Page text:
Don’t Breathe (2016): Blind, Yet Perceptive

Warning: This entry contains spoilers.

Looking to get rich quick, a triad of friends decide to break into a former war veteran’s house and rob him. They hear that this man stores a great amount of money inside his home, gotten after a settlement bid on a case revolving his daughter who was accidentally killed in a car accident caused by a young woman. The trio are at first hesitant to do the deed, but after casing the man, they learn that he is blind. Figuring that it would be an easy and sure task that would result in them earning cold hard cash without having to lift so much as a finger, Rocky (Jane Levy), Alex (Dylan Minnette), and Money (Daniel Zovatto) decide to go through with crime, not knowing that the Blind Man (Stephen Lang) does have his own secrets, as well.

When the trio first step inside the man’s house, they do all that they can to stay silent and not catch the man’s attention as they try and find out where he stores his money. However, their efforts are proven to be fruitless when the Blind Man senses Money’s presence and shoots him without remorse, much to the shock of the remaining two who are now set on on remaining as quiet as possible so as not to clue the man in of their presence, as well. However, the Blind Man figures out quickly that there are still intruders inside his home, and starts securing all exits, ensuring that Rocky and Alex remain trapped within his territory.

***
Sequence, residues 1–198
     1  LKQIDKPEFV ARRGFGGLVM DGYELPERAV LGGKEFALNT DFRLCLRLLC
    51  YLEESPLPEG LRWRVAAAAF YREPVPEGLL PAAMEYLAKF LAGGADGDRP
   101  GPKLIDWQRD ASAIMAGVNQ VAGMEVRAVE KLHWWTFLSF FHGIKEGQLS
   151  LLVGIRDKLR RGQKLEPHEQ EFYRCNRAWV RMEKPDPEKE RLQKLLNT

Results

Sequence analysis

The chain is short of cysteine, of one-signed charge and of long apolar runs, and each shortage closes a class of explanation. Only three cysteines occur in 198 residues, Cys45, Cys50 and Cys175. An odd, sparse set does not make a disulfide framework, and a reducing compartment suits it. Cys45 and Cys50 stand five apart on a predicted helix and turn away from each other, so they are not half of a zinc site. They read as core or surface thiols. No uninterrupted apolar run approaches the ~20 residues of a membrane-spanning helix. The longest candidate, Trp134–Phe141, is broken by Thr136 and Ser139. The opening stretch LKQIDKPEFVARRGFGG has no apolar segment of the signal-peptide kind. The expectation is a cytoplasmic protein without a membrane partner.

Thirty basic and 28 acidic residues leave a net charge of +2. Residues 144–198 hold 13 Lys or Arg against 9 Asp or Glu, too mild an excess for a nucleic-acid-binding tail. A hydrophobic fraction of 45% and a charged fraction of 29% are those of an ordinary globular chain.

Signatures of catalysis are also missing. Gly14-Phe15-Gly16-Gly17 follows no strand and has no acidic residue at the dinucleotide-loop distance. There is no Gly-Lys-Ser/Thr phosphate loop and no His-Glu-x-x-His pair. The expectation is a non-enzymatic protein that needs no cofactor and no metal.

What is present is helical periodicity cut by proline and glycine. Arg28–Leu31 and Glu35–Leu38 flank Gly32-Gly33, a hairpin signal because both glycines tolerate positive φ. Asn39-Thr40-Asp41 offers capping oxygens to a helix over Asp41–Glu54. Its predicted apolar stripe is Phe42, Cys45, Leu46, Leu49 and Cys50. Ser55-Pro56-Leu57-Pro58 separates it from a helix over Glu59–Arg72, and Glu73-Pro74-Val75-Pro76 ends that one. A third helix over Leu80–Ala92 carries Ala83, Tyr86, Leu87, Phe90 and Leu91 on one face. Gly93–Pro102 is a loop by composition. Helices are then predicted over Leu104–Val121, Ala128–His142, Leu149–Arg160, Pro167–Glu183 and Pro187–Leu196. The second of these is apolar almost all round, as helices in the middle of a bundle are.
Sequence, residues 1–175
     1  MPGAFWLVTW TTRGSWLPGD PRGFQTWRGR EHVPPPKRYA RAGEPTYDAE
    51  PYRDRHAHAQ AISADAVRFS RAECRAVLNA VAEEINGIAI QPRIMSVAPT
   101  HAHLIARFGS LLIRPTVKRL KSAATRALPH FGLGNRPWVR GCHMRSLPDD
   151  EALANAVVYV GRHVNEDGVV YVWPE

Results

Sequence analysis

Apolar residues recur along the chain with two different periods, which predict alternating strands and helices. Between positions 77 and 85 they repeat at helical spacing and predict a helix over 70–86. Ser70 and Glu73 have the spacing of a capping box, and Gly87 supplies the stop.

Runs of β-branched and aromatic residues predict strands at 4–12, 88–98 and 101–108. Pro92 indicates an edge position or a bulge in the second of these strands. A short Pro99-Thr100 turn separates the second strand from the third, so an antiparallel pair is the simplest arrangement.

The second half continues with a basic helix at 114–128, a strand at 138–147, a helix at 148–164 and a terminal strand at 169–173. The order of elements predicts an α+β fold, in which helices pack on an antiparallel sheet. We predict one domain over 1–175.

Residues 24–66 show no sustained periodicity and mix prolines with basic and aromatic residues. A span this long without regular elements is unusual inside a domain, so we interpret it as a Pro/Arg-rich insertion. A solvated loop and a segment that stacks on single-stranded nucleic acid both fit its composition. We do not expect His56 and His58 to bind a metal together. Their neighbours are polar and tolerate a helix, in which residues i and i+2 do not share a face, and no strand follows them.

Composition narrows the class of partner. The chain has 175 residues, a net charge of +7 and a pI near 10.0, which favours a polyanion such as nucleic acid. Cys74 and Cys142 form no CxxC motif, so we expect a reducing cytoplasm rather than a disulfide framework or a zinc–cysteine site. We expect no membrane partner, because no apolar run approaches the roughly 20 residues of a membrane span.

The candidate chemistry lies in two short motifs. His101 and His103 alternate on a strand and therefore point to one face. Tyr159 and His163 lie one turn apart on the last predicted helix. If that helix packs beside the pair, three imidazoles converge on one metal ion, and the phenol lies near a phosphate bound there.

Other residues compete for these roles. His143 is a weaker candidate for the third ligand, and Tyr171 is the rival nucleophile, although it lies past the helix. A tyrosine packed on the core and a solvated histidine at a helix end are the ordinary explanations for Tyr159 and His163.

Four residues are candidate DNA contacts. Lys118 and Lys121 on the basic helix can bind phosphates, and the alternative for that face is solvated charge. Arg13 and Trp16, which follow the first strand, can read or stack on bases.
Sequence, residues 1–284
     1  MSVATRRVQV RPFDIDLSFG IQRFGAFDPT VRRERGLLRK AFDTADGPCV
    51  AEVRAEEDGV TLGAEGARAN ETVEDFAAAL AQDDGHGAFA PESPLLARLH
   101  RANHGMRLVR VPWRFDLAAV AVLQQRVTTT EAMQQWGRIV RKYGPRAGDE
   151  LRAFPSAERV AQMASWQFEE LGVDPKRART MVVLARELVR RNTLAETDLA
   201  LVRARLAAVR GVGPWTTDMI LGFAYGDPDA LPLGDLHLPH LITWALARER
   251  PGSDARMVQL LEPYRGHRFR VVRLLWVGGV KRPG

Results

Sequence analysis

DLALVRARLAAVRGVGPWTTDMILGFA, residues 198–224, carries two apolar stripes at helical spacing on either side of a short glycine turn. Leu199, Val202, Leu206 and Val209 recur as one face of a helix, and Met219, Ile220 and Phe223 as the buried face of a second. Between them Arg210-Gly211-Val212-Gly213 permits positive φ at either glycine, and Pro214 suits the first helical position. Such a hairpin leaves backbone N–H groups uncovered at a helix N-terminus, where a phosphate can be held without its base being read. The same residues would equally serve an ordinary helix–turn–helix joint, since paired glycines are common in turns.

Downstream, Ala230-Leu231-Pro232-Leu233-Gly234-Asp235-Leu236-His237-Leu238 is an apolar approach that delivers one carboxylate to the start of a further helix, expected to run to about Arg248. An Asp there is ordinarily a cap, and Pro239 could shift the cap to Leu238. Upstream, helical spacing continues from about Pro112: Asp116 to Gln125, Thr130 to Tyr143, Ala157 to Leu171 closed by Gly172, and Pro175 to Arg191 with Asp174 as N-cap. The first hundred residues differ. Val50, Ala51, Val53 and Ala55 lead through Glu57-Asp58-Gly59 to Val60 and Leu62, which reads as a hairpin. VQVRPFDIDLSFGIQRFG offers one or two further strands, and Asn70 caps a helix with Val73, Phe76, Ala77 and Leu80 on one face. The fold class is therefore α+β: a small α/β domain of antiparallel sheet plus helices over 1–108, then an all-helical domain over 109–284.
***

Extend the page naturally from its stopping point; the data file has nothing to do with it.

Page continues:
This 2016 film was directed by Fede Álvarez, who was also the director of the 2013 remake film, Evil Dead. When comparing both films, the similarities start and end with the fact that both movies follow the journey of their main characters, who are both women, as they try to fight for their lives, and evade and defeat their own respective monsters – much like the “Final Girl” trope.

Judging solely from the title, Don’t Breathe is reminiscent to the Doctor Who episode (3×10), “Don’t Blink.” Anyone who is familiar with the Weeping Angels knows that one mustn’t turn their backs or close their eyes for even a second, lest they want to be condemned to being sent to the past and living the rest of their lives there, thus completely eradicating them from the present. In this case, Don’t Breathe also issues a warning to the pair of friends as they try to escape from within the house, reminding them not to do anything telling so as to clue the Blind Man that there are other intruders inside his home. However, although the warning is intended for the characters in the film, it doesn’t stop the viewers from also holding their breaths as they watch the onscreen events unfold.